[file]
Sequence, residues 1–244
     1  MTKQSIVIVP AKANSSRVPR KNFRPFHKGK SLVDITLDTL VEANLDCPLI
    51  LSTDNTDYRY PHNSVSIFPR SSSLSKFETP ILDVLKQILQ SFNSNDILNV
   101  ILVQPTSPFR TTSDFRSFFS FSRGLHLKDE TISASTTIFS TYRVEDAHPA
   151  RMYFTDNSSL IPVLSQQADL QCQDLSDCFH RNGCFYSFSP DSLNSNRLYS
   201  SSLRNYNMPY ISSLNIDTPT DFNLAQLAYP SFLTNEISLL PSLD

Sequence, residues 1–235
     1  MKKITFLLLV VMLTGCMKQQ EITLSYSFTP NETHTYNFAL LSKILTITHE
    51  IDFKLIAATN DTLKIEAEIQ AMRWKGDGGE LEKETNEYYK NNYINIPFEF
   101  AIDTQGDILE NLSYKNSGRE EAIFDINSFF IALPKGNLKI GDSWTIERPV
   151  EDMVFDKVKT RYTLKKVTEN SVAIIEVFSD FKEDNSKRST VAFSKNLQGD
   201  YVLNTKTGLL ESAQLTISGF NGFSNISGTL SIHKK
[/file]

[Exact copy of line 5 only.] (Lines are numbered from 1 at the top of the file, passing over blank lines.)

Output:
   151  RMYFTDNSSL IPVLSQQADL QCQDLSDCFH RNGCFYSFSP DSLNSNRLYS